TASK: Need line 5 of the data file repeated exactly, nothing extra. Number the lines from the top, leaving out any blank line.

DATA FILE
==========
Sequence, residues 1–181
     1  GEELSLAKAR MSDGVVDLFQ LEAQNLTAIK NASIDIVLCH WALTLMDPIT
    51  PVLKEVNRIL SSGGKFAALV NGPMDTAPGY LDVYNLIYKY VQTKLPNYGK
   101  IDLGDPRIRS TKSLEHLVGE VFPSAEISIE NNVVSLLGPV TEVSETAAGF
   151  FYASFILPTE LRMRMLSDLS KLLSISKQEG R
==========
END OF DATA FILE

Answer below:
   151  FYASFILPTE LRMRMLSDLS KLLSISKQEG R